Beijing official says ‘real enemies’ want Hong Kong to be ‘geopolitical pawn’


FILE PHOTO: Luo Huining, newly appointed head of the Hong Kong Liaison Office, addresses the media to mark his first day at the office in Hong Kong, China January 6, 2020. REUTERS / Navesh Chitrakar reuters_tickers

This content was published on June 12, 2021 – 06:54

HONG KONG (Reuters) – The main Chinese government official in Hong Kong said on Saturday that those trying to make the city a “geopolitical pawn” were the “real enemies” and that Beijing was the real defender of special status from the city.

Luo Huining, director of the Chinese Liaison Office in Hong Kong, told a forum that the financial center, a former British colony ceded to China in 1997, remains one of the most competitive economies in the world, reported the South China Morning Post.

“Those who try to make Hong Kong a geopolitical pawn, a tool to hold back China, as well as a bridgehead to infiltrate the mainland, are destroying the foundations of one country, of two systems,” Luo said. , referring to the formula agreed upon when Britain returned the city in an attempt to preserve its freedoms and its role as a financial hub.

“These are the real enemies of Hong Kong’s prosperity and stability,” he said, without identifying any individuals or groups.

Luo said the ruling Communist Party was “the creator, leader, implementer and defender of one country, of two systems.”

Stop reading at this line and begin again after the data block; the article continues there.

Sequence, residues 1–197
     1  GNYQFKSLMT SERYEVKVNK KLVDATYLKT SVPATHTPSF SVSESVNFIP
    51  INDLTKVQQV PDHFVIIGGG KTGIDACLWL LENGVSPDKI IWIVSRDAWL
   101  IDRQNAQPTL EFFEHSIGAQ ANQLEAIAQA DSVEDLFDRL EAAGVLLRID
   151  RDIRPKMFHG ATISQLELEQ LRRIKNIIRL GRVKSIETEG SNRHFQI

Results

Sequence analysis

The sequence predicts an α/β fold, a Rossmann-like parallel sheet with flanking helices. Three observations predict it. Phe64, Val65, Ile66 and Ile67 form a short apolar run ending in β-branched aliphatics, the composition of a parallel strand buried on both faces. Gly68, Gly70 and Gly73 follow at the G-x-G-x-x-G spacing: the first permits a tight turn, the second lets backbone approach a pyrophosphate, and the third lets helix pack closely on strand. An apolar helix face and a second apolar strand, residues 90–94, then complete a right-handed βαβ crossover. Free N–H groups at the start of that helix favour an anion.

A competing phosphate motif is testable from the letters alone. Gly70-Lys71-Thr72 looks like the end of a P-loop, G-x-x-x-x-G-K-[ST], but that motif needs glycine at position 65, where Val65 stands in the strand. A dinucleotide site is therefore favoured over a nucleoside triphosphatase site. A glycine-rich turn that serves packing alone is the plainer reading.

Despite these assurances, many Hong Kong residents have expressed concern in recent years over what they see as Beijing’s attempts to restrict its freedoms.

China denies it.

The liaison office did not respond to calls outside normal business hours to confirm the content of the speech and did not immediately respond to questions sent by fax.

Unease among many Hong Kong residents increased in 2014 when pro-democracy protesters took to the streets to demand universal suffrage. Protests snowballed again in 2019, sparked by opposition to judicial reform that many saw as a threat to their way of life.

Beijing imposed a sweeping national security law on the city last June, stifling the pro-democracy movement and raising new concerns about the city’s prospects.

Supporters of the law say it restored order and improved prospects for the city’s economy, which Luo said was among the most competitive in the world despite fears it could deteriorate under rule. Chinese.

(Reporting by Scott Murdoch in Hong Kong; editing by Robert Birsel)


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